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12 of 12 people found the following review helpful
TOP 50 REVIEWERon 17 August 2013
Lincoln Rhyme continues to fight and progress from his wheelchair bound quadriplegia in the same way he attacks his cases. Aided by his loving Amelia Sachs he is on an investigation into a professional assassination of an outspoken critic of US foreign policy, Robert Moreno, in the Bahamas. Assistant New York District Attorney enlists Lincoln Rhyme's expertise in fact-finding with an agenda to enhance their personal profile and ambitions whilst implicating a higher US government official in the conspiracy to add to the confrontations that follow.

Jeffrey Deaver delivers the narrative that follows in a pacey and twisting style. Rhyme and Amelia Sachs piece together the minutiae of evidence in their characteristic obsessional manner. The assassin is ruthless and a step or two ahead of the pursuers, thinking nothing of torturing and murdering potential witnesses and informants of the crime.

The chase for the perpetrator and the people giving the orders and back-up are intriguing if at times implausible. The plot overall is somewhat familiar but still an enjoyable read if not up to Deaver's very best. Well worth reading.
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9 of 9 people found the following review helpful
on 5 August 2013
I usually enjoy all of Jeffrey Deaver's books, but I found this to be soooo disappointing. Remember The bone collector with all twists & turns - well this one was so predictable! Nothing out of the ordinary at alll. It felt forced & heavy. Once again so disappointed
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6 of 6 people found the following review helpful
on 1 December 2013
Very much a Lincoln Rhyme fan and have read all previous books.This was a big disappointment the plot was slow to build and characters bland.I will not be looking forward to the next book with so much enthusiasm .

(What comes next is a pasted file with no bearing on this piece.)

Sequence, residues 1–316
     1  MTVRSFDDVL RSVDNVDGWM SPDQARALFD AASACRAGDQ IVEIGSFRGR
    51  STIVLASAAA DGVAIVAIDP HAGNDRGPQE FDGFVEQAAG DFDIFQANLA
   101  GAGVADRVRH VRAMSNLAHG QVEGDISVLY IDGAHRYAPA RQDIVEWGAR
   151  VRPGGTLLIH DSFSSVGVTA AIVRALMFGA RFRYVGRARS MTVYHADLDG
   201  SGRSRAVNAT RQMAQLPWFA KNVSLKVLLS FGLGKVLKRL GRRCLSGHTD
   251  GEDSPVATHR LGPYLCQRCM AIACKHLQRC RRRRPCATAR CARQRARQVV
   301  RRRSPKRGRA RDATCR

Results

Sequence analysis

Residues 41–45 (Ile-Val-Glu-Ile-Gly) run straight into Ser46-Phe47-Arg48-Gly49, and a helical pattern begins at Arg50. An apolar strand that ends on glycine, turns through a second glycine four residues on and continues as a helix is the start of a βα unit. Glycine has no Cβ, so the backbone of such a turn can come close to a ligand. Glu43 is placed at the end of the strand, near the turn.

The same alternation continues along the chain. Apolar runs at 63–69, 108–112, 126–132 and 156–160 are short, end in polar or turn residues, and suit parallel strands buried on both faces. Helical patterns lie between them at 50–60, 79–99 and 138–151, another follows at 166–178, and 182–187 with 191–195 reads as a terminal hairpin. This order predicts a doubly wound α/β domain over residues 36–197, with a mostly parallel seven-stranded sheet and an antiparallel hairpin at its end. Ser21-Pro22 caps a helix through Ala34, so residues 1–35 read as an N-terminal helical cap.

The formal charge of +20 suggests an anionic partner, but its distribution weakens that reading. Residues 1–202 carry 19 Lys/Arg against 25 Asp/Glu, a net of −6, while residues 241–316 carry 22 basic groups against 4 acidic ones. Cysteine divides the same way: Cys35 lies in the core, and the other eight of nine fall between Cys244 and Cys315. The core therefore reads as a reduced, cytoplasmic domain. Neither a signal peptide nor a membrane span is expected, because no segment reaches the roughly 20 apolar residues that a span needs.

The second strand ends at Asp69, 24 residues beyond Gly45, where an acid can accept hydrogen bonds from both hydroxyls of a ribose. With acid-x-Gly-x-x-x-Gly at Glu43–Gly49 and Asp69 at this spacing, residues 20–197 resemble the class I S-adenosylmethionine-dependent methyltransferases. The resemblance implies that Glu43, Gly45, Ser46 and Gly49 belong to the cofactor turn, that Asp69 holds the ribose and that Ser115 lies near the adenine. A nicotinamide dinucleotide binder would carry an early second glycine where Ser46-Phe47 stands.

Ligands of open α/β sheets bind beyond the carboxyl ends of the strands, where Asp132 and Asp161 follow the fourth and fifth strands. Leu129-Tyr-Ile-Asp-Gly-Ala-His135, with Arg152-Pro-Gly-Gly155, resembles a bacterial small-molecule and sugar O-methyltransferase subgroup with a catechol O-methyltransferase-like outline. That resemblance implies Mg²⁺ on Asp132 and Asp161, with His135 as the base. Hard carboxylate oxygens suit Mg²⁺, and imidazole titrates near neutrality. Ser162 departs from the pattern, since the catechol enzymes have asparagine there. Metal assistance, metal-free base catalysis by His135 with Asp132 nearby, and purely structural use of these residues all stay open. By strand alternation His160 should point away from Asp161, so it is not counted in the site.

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10 of 11 people found the following review helpful
on 2 July 2013
Ive read most of mr deavers books and generally enjoy them. This one was standard lincoln rhyme fayre with some twists and lincoln actually leaving his room! BUT i sort of wanted more. some background sections were overly long, the book could have had a little more excitement for my liking. I think deaver fans wont dislike it but i dont think its one of his best
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11 of 12 people found the following review helpful
on 27 July 2013
Usually LOVE this series of books but this one disappointed me. Where's the twists and turns and suspense, I want a real baddie.
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9 of 10 people found the following review helpful
on 21 August 2013
I normally love Jeffrey Deavers books!! I think I have them all and have loved every one apart from this one. I almost packed it in half way through as it was so boring but forced myself to finish it in case it got better. It didn't. Very disappointing,frustrating and hard to get into. I LOVE Lincoln Rhyme so I will buy his next one in the hope Jeffrey gets back on top form !!
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2 of 2 people found the following review helpful
on 1 March 2014